Phillip Island history started hundreds of millions of years ago.
Over time and due to volcanic activity, ice ages and weathering, it has evolved to become the island as we know it today.
Evidence of the volcanic activity is still visible. At Kitty Miller Bay basalt (lava) columns and dykes are easy to find.
In Devonian times pink granite was formed and later exposed by weathering.
On Cape Woolamai the remains of a pink granite quarry are still able to be seen.
Quarrying began in 1891 and the ketch "Kermandie" was one of seven vessels transporting the cut blocks to Melbourne.
Unfortunately the Kermandie sank without trace in 1892. Quarrying continues until 1893 when the contract for supplying granite for the Equitable Life Assurance building in Melbourne was completed.
Take the Cape Woolamai Circuit Walk on Cape Woolamai and visit the disused quarry at low tide to see the cut blocks still there.
The Bunurong people were the first visitors in the Phillip Island history.
Some members of the community would probably have been on the island when in January 1798, George Bass sailed into what he named Westernport Bay.
The colony of New South Wales had been settled in 1788 and exploration had begun of the new continent.
The name Bass lives on through several places named after him.
These include Bass Strait, between Victoria and Tasmania, and the township of Bass.
You could possibly have driven through Bass on the way to Phillip Island.
Exploration of the area continued in earnest and Lieutenant James Grant arrived in 1801 and anchored near the current town of Ventnor.
He planted the first crops to be planted in Victoria on Churchill Island – he named the tiny island after a Devon farmer, Mr John Churchill, who had given him the seeds.
He also built a blockhouse but the location of this building remains a mystery.
Lieutenant Grant never returned to the island but when Lieutenant Murray arrived later in 1801 to further map the coast, he found corn, wheat, oats and barley plus a few vegetables had flourished.
How amazing would that have been and such a notable part of Phillip Island history!
Churchill Island today operates as a heritage farm. A house built by Mr Samuel Amess, owner of the island from 1872, still stands, surrounded by cottage and kitchen gardens and outbuildings.
It remained in the Amess family, being passed down to his son and grandson, also Samuel Amess, until 1929.
Lieutenant Murray made the first recorded name as Phillip Island – after Governor Phillip, the first governor of the new colony who had arrived with the first fleet in 1788.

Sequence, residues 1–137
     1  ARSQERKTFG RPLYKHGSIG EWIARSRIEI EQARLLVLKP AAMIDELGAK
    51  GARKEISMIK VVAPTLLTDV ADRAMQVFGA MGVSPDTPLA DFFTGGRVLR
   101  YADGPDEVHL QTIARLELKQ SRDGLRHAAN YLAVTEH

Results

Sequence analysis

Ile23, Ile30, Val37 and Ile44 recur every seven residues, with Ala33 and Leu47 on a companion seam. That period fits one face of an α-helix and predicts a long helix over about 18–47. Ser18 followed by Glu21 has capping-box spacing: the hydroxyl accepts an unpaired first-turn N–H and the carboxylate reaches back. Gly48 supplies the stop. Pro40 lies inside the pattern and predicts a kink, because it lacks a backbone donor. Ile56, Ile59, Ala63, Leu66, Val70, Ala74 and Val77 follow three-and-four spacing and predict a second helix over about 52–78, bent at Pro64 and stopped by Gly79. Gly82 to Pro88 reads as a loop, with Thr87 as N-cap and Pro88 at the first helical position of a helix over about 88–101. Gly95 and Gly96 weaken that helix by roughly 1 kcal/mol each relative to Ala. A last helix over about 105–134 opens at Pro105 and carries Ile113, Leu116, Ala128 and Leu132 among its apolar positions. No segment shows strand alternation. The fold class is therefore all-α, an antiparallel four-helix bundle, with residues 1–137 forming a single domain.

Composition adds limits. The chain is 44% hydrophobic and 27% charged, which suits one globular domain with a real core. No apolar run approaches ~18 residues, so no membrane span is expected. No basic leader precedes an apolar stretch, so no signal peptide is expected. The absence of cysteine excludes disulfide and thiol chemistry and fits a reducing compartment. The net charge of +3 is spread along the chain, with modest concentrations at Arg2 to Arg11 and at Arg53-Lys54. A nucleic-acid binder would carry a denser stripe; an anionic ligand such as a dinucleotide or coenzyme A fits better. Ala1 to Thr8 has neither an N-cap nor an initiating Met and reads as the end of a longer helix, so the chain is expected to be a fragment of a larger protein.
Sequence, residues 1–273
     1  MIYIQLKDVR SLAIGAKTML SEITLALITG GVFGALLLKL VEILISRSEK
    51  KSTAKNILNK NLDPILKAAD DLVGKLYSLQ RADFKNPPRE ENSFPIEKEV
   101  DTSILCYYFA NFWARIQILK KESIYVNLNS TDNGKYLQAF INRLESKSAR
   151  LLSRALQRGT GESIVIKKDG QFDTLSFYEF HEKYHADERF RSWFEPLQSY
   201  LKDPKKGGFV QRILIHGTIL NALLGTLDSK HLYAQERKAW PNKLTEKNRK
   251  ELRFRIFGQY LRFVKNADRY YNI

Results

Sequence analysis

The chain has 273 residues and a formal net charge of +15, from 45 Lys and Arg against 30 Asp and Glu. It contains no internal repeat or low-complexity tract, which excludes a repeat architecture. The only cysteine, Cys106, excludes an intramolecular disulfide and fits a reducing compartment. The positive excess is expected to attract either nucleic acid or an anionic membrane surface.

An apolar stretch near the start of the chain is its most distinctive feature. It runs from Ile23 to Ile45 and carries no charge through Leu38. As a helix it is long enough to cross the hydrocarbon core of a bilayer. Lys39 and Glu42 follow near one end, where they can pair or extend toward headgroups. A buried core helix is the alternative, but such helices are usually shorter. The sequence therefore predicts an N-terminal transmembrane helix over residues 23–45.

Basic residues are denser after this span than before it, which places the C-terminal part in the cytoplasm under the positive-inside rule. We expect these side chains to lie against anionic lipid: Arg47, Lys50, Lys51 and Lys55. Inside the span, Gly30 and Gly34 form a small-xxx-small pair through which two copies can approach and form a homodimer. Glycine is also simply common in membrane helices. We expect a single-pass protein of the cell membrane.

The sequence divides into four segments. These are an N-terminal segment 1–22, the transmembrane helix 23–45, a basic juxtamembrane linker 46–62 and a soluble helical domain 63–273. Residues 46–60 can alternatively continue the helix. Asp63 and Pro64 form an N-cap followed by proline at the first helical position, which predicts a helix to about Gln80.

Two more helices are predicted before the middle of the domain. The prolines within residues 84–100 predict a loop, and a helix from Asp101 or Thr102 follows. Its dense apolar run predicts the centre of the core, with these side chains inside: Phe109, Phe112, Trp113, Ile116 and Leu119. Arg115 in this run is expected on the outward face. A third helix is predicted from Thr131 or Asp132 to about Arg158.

Previously it had been known as Snapper Island.
After these visits probably the only other white people to come were sealers, who lived rough on the island hunting the plentiful seals in the area for their fur and blubber.
In 1826 Captain Wright and his crew set up a small battery of two six pound guns at Rhyll, naming it Fort Dumaresq. There was not enough water for a permanent settlement so they moved to Settlement Point (Corinella) on the mainland.
The first permanent white settlement began in 1842 when the McHaffie brothers leased the island as a sheep run.
They cleared some of the native vegetation and introduced rabbits, whose descendants are still in large numbers on the island.
Around 1865 surveys were made and the land opened up for farming in 1868/69. Small holdings later proved to be unsustainable and eventually the island was owned by just a few families.
An important and fascinating development was the introduction of chicory growing, with the first crop grown in 1870.
Today some of the old kilns can still be spotted around the island.
One introduced species which has a special place in the hearts of anyone connected to Phillip Island is the koala, which was first introduced in 1880.
Numbers struggled due to loss of habitat and increased road traffic, with the Koala Conservation Centre opened in 1992 to help maintain their presence on the island.
Over time the towns of Cowes, Rhyll and Ventnor ( Cowes and Ventnor named after towns on the Isle of Wight in England, and Rhyll after a town in Wales)) were established.
A striking aspect of Cowes is the beautiful avenue of golden cypress lining Thompson Avenue. The avenue was the idea of Mr Thompson who was president of the Progress Association.
Planting began in 1912 and was completed in 1935. Now recognised by the National Trust as an Avenue of Significance, it is lovely to drive under the canopy and then come to the end of Thompson with the bay vista spread out ahead.
During this time access to the island was via boat with ferries running between Newhaven and San Remo, plus Cowes and Stony Point.
An interesting part of Phillip Island history is the start of motor racing. Between 1928 and 1938 cars would be ferried over and races run on a rectangular track – which still exists today but as normal roads!
Some of the “corners” still have their signs, such as “Gentle Anne” on Gap Road. This was the beginning of grand prix racing in Australia.
The connection with racing continues today with the Phillip Island Circuit, host to many events including the international motorcycle grand prix.
In 1940 the first bridge across the channel at San Remo was built making Phillip Island much more accessible as a holiday destination. The original bridge was replaced by a more modern concrete design in 1969.
More townships became established at beach locations, with surfing bringing many enthusiasts to the island to surf at Cape Woolamai, Smiths Beach and Cat Bay among others.
Many more visitors came to see the koalas and also the little penguins at Summerland Beach – now one of the most popular tourist attractions in Australia.
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